My children finished school for the academic year today. Universities have been celebrating graduations. Emails about induction week are starting to circulate. It must be the start of the summer holidays.
This summer, in between childcare duties, I have several projects to work on – a couple of applications, two articles to (re)write, a very overdue book review, some engagement events to prep for. But my main goal, as I keep telling people, is working out what my next book is going to be about. And the problem I have (which is a nice one to have, but no less problematic for that) is an embarrassment of riches. I have three possibilities but probably only the mental space and energy to concentrate on one of them. They are as follows:
1) The book I need to write. This is the book I have promised the funders that I would produce from the Men, Women and Care project. It is a book about disability, masculinity, temporality and the life cycle; about care giving, emotions and gender; about the history of the welfare state, the family and the role of the individual in negotiating the spaces where the two overlap. It will be a very academic book, a book which will use words like ‘temporality’, ‘hegemony’ and even, if today’s reading is anything to go by, even ‘phenomenology’. It is a book that may, eventually becoming the articulation of the most significant intervention I will ever make into the historiography of masculinities and the First World War. At the moment, it is unfocused and under-researched.
2) The book I have promised myself I will write. In January, I tweeted that my resolution for the year was to write the ‘trade’ version of my recent academic book on the history of the RAMC in the First World War. This one, I have done the research on. I also have a chapter and a half in draft, about five different plans of chapter breakdowns and a great deal of excellent advice from colleagues about how to approach this project. What I don’t have, yet, is either a clear, saleable thesis, or a proper strategy for finding myself an agent, which is very much the next thing I need to do to get this off the ground.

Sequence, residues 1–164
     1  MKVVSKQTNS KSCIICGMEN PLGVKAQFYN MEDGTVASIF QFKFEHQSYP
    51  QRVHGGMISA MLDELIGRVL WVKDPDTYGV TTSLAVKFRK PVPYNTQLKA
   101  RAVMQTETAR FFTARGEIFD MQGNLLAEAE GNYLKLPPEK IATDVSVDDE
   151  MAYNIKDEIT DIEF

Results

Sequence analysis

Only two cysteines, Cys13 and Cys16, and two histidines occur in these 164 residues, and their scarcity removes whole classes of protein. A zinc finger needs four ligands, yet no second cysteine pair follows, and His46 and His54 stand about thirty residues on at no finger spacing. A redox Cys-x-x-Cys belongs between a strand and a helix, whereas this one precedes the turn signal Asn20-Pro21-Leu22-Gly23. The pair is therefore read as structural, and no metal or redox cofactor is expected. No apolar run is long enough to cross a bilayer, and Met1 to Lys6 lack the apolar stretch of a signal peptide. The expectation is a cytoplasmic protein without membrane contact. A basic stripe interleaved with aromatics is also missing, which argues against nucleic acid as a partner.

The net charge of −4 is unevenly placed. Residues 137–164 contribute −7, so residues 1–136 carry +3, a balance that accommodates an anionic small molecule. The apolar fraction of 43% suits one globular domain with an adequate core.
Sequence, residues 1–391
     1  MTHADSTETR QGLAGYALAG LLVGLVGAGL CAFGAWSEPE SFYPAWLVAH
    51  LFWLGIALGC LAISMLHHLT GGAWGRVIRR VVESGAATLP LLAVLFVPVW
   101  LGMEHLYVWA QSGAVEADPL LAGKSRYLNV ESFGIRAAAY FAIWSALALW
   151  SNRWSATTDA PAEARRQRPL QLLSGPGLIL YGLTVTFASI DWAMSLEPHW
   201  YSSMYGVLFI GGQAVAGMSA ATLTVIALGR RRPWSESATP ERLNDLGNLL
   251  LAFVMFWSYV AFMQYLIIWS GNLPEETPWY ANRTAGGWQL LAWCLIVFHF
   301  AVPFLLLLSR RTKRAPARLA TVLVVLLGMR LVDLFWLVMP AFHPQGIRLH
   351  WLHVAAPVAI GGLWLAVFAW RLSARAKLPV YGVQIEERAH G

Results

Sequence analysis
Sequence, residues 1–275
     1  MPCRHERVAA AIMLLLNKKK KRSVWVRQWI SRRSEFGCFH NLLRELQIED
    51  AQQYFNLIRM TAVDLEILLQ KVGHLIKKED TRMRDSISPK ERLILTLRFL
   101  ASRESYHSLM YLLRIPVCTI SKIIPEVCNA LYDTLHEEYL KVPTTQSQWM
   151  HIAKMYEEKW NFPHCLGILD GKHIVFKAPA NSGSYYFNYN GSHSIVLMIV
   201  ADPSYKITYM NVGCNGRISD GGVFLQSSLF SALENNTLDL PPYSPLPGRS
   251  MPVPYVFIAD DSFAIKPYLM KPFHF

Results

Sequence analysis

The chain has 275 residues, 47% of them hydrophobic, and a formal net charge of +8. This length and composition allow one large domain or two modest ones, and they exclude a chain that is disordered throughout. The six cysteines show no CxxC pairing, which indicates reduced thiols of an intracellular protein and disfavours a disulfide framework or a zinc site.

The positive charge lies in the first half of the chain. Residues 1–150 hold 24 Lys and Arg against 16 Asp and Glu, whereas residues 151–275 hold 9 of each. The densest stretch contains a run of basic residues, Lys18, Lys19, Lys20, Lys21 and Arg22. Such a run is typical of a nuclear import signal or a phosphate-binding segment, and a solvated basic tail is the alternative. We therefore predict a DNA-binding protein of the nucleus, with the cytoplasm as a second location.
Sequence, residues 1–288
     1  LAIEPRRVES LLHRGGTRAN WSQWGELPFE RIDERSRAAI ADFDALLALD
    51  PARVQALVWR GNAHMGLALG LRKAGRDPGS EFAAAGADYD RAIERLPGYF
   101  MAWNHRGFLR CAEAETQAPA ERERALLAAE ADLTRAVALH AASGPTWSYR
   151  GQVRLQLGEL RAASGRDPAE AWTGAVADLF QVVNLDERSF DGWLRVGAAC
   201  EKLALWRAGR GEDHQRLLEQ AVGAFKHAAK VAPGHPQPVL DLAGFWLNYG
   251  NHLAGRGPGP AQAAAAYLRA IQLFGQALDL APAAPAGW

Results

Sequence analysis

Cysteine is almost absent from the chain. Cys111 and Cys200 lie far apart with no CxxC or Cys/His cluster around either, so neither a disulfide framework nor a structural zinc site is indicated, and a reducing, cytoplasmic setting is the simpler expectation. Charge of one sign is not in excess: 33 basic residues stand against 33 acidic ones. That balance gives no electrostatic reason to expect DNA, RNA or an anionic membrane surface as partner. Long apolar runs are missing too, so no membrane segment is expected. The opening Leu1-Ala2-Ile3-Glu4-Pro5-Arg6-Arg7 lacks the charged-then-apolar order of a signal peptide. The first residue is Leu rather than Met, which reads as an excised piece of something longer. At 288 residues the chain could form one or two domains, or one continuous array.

3) The book I want to write. For years now I have been talking about doing a project on the representation of trauma in detective fiction – and I still want to do it, not least so I can write properly Ellis Peters’ George Felse novels. But, after talking about the project for so long without actually doing anything about it, I am starting to think there may be a less academic, more experimental book that I need to write first, about Golden Age detective fiction and contemporary novels set in the Golden Age, how both use images of and references to the First World War and what the differences between these two forms of the genre can tell us about gender, memory and commemoration. I’m pretty sure I have the argument for this one, and I find myself writing bits and pieces at odd intervals, but I also need to dedicate a lot more time to (re)reading the works of Jacqueline Winspear, Frances Brody, Kerry Greenwood, as well as some of the more obscure members of the Detection Club if this is going to be the book I really want it to be.
So those are my options, three projects, all of which require time commitment in different ways. Alongside the continuing work needed for the final year of Men, Women and Care, the teaching and administration I’ve agreed to undertake and my family commitments, there is barely room for one of them, let alone all three! So I am looking for advice: which one of these do I prioritise this summer?
(And the ‘and counting’? That would be the book I dream of writing – the detective novel in the style of Dorothy L. Sayers, with a plot based around an ex-servicemen’s association and post-war battlefield pilgrimages. Some day…)